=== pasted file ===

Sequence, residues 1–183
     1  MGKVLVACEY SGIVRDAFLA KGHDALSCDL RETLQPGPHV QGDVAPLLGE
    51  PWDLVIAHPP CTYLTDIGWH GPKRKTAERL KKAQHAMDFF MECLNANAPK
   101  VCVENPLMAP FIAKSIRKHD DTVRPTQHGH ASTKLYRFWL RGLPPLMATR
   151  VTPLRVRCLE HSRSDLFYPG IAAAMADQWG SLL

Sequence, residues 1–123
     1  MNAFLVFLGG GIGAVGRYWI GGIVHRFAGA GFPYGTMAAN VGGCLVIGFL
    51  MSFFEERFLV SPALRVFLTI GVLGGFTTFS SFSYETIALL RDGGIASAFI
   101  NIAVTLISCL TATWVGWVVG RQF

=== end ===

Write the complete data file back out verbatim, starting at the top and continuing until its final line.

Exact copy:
Sequence, residues 1–183
     1  MGKVLVACEY SGIVRDAFLA KGHDALSCDL RETLQPGPHV QGDVAPLLGE
    51  PWDLVIAHPP CTYLTDIGWH GPKRKTAERL KKAQHAMDFF MECLNANAPK
   101  VCVENPLMAP FIAKSIRKHD DTVRPTQHGH ASTKLYRFWL RGLPPLMATR
   151  VTPLRVRCLE HSRSDLFYPG IAAAMADQWG SLL

Sequence, residues 1–123
     1  MNAFLVFLGG GIGAVGRYWI GGIVHRFAGA GFPYGTMAAN VGGCLVIGFL
    51  MSFFEERFLV SPALRVFLTI GVLGGFTTFS SFSYETIALL RDGGIASAFI
   101  NIAVTLISCL TATWVGWVVG RQF